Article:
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Know Who's Taking Care of Your Eyes
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The distinction between an ophthalmologist, an optometrist, and an optician is a source of confusion for many people.  While all are concerned with eye care, there are extreme differences between them.  Understanding of these differences, including education, training, and scope of patient care performed is critical when choosing an eye care provider for you or your family. You should be sure you are seeing the right provider for your condition or treatment.

What is an ophthalmologist?
An ophthalmologist – Eye M.D. – is a medical or osteopathic doctor who specializes in eye and vision care. Ophthalmologists are specially trained to provide the full spectrum of eye care, from prescribing glasses and contact lenses to complex and delicate eye surgery. Many ophthalmologists are also involved in scientific research into the causes and cures for eye diseases and vision problems.
An ophthalmologist receives a minimum of 12 years of education, including four years of college, four years of medical school, one or more years of general clinical training, and three or more years in a hospital-based ophthalmic residency program, often followed by one or more years of subspecialty fellowship.  They must then pass a licensing examination.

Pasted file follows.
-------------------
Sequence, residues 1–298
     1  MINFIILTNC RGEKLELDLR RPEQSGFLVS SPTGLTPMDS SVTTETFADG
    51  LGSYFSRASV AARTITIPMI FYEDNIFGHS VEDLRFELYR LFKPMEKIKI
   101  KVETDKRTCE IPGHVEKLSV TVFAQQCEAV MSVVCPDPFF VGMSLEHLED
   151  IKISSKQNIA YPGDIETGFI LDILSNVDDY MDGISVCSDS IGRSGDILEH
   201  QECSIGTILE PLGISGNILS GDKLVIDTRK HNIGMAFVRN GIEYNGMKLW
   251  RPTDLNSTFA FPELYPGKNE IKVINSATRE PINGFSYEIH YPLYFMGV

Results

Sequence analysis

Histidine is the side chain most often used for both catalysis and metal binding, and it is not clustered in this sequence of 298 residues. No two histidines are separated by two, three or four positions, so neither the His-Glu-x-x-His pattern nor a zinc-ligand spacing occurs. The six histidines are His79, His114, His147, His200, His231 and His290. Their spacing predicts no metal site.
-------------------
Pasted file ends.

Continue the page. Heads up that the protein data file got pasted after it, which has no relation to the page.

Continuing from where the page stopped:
As medical doctors, ophthalmologists are regulated by state medical boards.

What is an optometrist?
An optometrist receives a Doctor of Optometry (OD) degree and is licensed to practice optometry, not medicine. The practice of optometry traditionally involves examining the eye for the purpose of prescribing and dispensing corrective lenses, screening vision to detect certain eye abnormalities, and prescribing medications for certain eye diseases. 

An optometrist may have only years years of post-high school training, consisting of two-four years of college and four years in an optometric college.  Beyond refractive abnormalities, an optometrist’s training includes limited exposure to patients with eye disorders or health problems.

What is an optician?
These technicians are trained to design, verify and fit eyeglass lenses and frames, contact lenses, and other devices to correct eyesight. They use prescriptions supplied by ophthalmologists or optometrists, but do not test vision or write prescriptions for visual corrections. Opticians are not permitted to diagnose or treat eye diseases.

What does “board-certified” mean?
Board certification means that an ophthalmologist, an Eye M.D., has taken and passed rigorous examinations which cover all aspects of medical and surgical eye care. These examinations are voluntary. An ophthalmologist does not have to be board-certified to practice. The American Board of Ophthalmology (ABO) is the main certifying body for ophthalmologists in the United States. Medical specialty boards -- including the ABO -- are accredited by an “umbrella” organization that sets standards for certifying physicians.

What does “subspecialist” mean?
A general ophthalmologist provides comprehensive eye care. While all ophthalmologists specialize in treatment of eyes, some choose to concentrate in a more specific area. This is usually after completing a fellowship. Some subspecialists focus on treatment of a particular disease, such as glaucoma. Others may specialize in a specific part of the eye like the retina or the cornea, or in a particular field such as pediatric care.

Related resources
Tips for Choosing an Eye Care Provider from the National Consumers League